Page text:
“Do you see a pattern?” Peuvrelle asked during his closing arguments. “That tells you about his mindset that night, that he was going to do whatever he can to hunt that night.” Koed even said she told Smart to stay away from Paul Flores that evening, she said. Then sometime between 10:30 p.m. and 12 a.m., multiple witnesses saw Paul Flores and Smart speaking by the bar, and the two fell to the ground.

This negates Paul Flores’ claim to law enforcement that the two did not interact much at the party, Peuvrelle said. Peuvrelle reviewed how party attendee Trevor Boelter testified that Smart kissed him twice, once before she was at the bar with Paul Flores and once after. Boelter did not smell alcohol either time, he said. “And then, after that, Paul Flores gets his chance,” Peuvrelle said. Around midnight — 90 minutes after Smart arrived at the party — Smart passed out in the neighbor’s lawn, face down, and too intoxicated to consent to sexual intercourse, Peuvrelle said.

Tim Davis and Cheryl Anderson, two people who helped walk Smart home, testified that Paul Flores “inserted” himself into the entourage walking Smart home. Davis left early on, and before Anderson left from the walk she said Paul Flores promised to get Smart home safe. “A promise that he breaks,” Peuvrelle said.

Prosecutor: Under Ruben Flores’ Deck is ‘Perfect Spot’ To Hide a Body

The prosecution’s theory is that after Paul Flores killed Smart, he called his father, Ruben Flores, to help move Smart’s body out of his dorm and bury her body under his father’s deck — “the perfect hiding spot,” Peuvrelle called it — before moving her after a search warrant was carried out at the home.

Peuvrelle pointed out that the four cadaver dogs that searched Paul Flores’ dorm building all entered at different locations and all alerted to the same location: his dorm room. Three of them alerted to “the scent of human death” on the mattress and the fourth could not pinpoint a location on the bed frame because the mattress had been removed, the prosecution claimed.

Then, ground penetrating radar located a soil anomaly under the Flores family home’s deck that was 6 feet long, 4 feet wide and 4 feet deep — the size of a human body, particularly Smart’s body, who stood 6 feet and 1 inch tall, Peuvrelle said.

“It just happened to be in the perfect hiding spot for a human body, and just happened to have staining consistent with a decaying human body, and just happens to be the approximate length of a human body,” Peuvrelle said. Then, the soil samples taken from the stain tested positive for human blood, and also contained fibers that were the same colors as the clothing Smart was wearing when she disappeared — red shoes, black shorts and a gray top, Peuvrelle said.

A search warrant was carried out at Ruben Flores’ home on Feb. 5, 2020. Then around a week later, Jamilyn Holman, Ruben Flores’ neighbor, saw a cargo trailer backed into the yard with a fence removed. An area of that trailer later reacted to a test that indicates human blood is present, or reacts with cleaning products like bleach, Peuvrelle said. “None of rest of trailer was cleaned. So why clean just that spot?” Peuvrelle said. “We know why: That’s how they got Kristin out.”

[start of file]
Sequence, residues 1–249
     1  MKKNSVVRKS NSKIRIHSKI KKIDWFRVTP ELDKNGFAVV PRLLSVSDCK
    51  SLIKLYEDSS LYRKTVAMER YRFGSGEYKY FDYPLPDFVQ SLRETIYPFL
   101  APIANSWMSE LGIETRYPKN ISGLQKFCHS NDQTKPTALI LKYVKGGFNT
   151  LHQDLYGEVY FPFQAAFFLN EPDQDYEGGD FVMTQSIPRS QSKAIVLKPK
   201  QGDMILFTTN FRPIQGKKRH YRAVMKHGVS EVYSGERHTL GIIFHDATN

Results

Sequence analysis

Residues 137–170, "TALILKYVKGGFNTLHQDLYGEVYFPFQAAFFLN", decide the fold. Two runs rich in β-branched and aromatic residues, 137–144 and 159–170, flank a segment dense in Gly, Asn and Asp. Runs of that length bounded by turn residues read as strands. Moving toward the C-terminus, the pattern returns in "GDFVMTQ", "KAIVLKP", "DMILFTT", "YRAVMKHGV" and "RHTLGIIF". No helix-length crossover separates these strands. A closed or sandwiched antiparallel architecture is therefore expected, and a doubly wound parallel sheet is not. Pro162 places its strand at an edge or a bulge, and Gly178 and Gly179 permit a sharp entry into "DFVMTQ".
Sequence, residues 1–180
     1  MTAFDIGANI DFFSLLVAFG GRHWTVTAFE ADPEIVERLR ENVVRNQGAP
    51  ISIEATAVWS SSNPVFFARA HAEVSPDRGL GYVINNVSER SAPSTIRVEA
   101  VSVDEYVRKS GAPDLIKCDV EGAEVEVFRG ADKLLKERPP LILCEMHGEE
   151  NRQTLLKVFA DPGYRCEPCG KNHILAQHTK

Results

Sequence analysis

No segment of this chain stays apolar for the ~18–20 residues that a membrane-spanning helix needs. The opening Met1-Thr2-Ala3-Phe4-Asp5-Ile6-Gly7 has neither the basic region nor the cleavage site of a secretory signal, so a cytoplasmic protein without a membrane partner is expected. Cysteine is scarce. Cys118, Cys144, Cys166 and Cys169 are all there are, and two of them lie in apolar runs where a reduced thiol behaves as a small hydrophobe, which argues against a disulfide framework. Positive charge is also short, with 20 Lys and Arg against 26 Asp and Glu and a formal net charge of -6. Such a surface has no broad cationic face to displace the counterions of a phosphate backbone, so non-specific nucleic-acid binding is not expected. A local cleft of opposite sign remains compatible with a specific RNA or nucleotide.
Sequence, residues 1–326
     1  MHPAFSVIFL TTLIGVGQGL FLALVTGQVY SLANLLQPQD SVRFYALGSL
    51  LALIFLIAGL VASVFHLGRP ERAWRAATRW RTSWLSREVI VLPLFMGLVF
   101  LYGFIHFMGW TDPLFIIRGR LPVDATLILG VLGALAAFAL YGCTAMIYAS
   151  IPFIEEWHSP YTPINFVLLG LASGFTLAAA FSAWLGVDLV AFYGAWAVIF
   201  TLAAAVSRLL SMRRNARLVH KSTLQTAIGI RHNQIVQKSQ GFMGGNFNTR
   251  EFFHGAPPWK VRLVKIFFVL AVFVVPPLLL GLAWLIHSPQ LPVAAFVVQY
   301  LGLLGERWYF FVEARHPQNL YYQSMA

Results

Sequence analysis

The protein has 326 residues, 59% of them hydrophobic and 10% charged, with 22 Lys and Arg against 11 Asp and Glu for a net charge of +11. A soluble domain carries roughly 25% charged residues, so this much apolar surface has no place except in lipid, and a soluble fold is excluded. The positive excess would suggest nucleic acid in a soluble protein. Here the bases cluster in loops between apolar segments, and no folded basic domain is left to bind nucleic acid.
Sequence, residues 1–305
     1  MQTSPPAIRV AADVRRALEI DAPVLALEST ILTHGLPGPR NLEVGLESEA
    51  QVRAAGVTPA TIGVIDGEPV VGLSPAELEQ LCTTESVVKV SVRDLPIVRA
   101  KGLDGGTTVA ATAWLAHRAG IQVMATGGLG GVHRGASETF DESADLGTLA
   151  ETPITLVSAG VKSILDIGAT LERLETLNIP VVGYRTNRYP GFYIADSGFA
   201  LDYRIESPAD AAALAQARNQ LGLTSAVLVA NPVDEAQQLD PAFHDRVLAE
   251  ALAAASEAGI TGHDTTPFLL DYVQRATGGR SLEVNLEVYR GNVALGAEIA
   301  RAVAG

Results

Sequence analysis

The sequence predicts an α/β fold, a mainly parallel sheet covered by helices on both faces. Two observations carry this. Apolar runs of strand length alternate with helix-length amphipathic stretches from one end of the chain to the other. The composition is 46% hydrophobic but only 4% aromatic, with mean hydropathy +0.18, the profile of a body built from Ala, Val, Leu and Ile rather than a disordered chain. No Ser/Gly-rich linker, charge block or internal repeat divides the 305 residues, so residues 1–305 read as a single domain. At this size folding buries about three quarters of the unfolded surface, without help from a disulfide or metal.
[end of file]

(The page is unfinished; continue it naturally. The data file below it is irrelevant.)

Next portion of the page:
‘Predators Are Gonna Prey,’ Prosecutor Tells Jurors

Sarah Doe and Rhonda Doe’s testimonies only have to prove it is more likely than not that Paul Flores raped them — their assaults do not have to be proven beyond a reasonable doubt for jurors to consider them as evidence, the prosecution said.

“If you find that just one of the two rapes occurred, you can conclude Paul Flores was disposed or inclined to commit sexual offenses generally,” Peuvrelle told the jury. “You can further conclude Paul Flores was likely to commit or did commit rape or attempted rape in this case.”

Peuvrelle said the alleged rapes Sarah Doe and Rhonda Doe described are all too similar: Paul Flores isolates the woman, gives them a drink and “we all know what happened next.”

“He drugged those women,” Peuvrelle said. “He went into his kitchen, spiked their drinks then raped them.” Both Sarah Doe and Rhonda Doe testified Paul Flores used a red ball gag to rape them — a detail that can be corroborated by a screenshot of a homemade video of a woman on Paul Flores’ bed, with her eyes closed and a red ball gag lodged in her mouth.

The photo is “critical corroboration between two women who don’t know each other,” Peuvrelle said during closing arguments.

Smart was incapacitated that night, unable to consent for herself, the prosecution said. Boelter testified he had been drugged in 2012, and Smart’s behavior the night she disappeared was similar to his own.

“Predators are gonna prey,” Peuvrelle said. “What I’m asking from you is accountability.”

The prosecution ended its closing arguments early Tuesday afternoon. Flores’ defense attorney Robert Sanger began closing arguments shortly after. 

Click here to read a news article about the Sanger’s closing arguments in the trial.